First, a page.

'Preacher's Wife' lacks gospel fire

November 28, 1996|By J.D. Considine | J.D. Considine,SUN POP MUSIC CRITIC

If ever a soundtrack project seemed tailor-made for Whitney Houston's talents, it's "The Preacher's Wife" (Arista 18951). Not only does it offer all the expected opportunities for powerhouse vocal displays and stirring romantic balladry, but its church-oriented setting also affords the singer a chance to get back to her roots and sing some gospel music. How could it be anything less than perfect?

Trust me, it can.

Although hardly a disaster, "The Preacher's Wife" is considerably less than divine. There's no sacred fire in the gospel numbers, no hit-record sizzle to the pop ballads. She may come across as competent and convincing, but somehow, that's not enough to make the listener really care.

As always, there are several obvious singles on the album. "I Believe In You and Me," the Designated Hit Ballad, is pretty much what we've come to expect from Houston -- a slow, Streisand-esque build-up, a subtle sense of drama and a big, full-voiced payoff in the final chorus. "Step By Step," on the other hand, is a slick, synth-driven number that recalls the '80s-style sparkle of her early hits. Each is quite likable and certain to spend many weeks in the Top 10.

Still, that doesn't quite seem enough. No doubt a lot of that has to do with the expectations this project's gospel content generated. Considering the strength of her duet with CeCe Winans from the "Waiting to Exhale" soundtrack, there seemed to be reason to expect that Houston would shine like gold on this album's gospel numbers. Add the Georgia Mass Choir and a cameo by the great Shirley Caesar, and it's easy to come to the album expecting magic.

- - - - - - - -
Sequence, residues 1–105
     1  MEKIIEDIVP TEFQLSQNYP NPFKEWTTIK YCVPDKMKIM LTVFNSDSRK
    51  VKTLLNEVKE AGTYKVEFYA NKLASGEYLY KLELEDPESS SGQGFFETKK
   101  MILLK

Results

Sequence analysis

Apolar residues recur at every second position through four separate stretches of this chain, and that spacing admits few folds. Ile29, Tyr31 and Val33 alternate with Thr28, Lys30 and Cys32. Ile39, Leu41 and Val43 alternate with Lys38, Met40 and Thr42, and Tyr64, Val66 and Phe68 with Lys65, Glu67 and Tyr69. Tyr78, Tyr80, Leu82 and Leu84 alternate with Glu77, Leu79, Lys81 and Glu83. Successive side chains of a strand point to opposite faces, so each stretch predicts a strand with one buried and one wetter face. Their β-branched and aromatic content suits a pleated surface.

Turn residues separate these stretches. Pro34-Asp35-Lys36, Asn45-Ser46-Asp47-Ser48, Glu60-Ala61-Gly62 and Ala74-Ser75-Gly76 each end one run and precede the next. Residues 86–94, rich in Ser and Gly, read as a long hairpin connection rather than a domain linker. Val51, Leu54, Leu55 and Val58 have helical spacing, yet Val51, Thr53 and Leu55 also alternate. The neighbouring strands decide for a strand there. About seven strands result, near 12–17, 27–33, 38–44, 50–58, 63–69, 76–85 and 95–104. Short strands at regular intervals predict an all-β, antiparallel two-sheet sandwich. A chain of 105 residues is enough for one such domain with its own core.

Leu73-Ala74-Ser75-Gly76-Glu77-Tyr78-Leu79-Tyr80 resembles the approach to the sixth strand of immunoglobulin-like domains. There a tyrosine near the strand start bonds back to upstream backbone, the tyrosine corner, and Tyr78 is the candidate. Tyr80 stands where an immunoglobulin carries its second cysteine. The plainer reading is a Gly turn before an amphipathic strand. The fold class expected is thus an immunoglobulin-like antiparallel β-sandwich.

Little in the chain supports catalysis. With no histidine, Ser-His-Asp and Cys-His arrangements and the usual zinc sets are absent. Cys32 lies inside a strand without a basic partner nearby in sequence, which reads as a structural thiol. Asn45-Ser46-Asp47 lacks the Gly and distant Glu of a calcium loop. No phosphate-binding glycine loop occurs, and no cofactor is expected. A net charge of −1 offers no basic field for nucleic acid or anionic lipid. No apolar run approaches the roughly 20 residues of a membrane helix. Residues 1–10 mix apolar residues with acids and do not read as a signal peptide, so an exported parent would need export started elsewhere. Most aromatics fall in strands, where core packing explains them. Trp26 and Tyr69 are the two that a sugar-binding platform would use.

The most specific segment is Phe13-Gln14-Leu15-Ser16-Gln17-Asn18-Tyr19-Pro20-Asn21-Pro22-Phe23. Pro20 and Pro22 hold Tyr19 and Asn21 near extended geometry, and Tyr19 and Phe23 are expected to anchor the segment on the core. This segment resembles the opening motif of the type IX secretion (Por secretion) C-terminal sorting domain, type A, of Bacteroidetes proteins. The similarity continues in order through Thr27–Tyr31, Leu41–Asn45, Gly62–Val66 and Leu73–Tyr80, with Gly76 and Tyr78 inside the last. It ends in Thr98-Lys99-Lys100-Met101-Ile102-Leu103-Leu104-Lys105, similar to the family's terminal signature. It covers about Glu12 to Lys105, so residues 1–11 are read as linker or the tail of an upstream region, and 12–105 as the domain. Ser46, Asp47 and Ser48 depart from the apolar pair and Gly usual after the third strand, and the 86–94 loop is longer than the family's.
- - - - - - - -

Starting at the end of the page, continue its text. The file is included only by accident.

Magic, unfortunately, is not what we get. Even though the gospel material allows Houston to use mannerisms -- gruff growls, guttural melismas and sweet falsetto hoots -- that have yet to find their way into her pop recordings, there's never the sense of ecstatic release that marks a great gospel recording. Instead of being transported, we're merely entertained.

To her credit, Houston offers plenty of polish and professionalism. She has more than enough vocal strength to soar over the massed voices of the choir, but her greatest strength on most of these songs is her sense of time. Listen to the way she rides the rhythm in "I Go to the Rock," and you'll be astonished at how confidently her phrasing swings, and how effortlessly she can punch a lyric home merely by altering the accents.

Impressive as her testifying is, though, Houston is unlikely to turn skeptics into believers. Some of that has to do with the sense that she's not only trying too hard, but for the wrong reasons. "I Love the Lord," for instance, is the sort of "Tell it, sister!" ballad that builds slowly toward a display of untrammeled emotion, so that by the song's end, you expect to have felt the singer's faith. But by the time Houston gets to that final chorus, all we've learned is how much she knows about singing.

Needless to say, that makes "He's All Over Me," her big duet with Shirley Caesar, seem a bit of an anti-climax. Sure, Houston's voice is smoother, prettier and more powerful in a strictly musical sense, but there's something about Caesar's rough-edged voice and idiosyncratic phrasing that's infinitely more affecting than Houston's well-schooled poise.

Oddly enough, Houston seems equally out of place on the album's other big collaboration, though for markedly different reasons. For "Somebody Bigger Than You and I," Houston is joined by her hubby, Bobby Brown, two of his New Edition bandmates, Johnny Gill and Ralph Tresvant, and junior divas Faith Evans and Monica.

It's pretty hip company, but that's the problem. Not only do its deep-thumping bass and hip-hop flourishes seem slightly out of place amid all the old-school gospel here, but Houston seems, well, too stodgy to fit in with all the cool kids. It's like watching your mom try to get down.

Of course, none of that ends up making "The Preacher's Wife" unlistenable. In truth, the album is listenable as, er, heck. It's just not terribly compelling, and while that's hardly a mortal sin, neither is it anything to praise.

Calling Houston

To hear excerpts from Whitney Houston's new release, "The Preacher's Wife," call Sundial at (410) 783-1800 and enter code 6128.

Pub Date: 11/28/96

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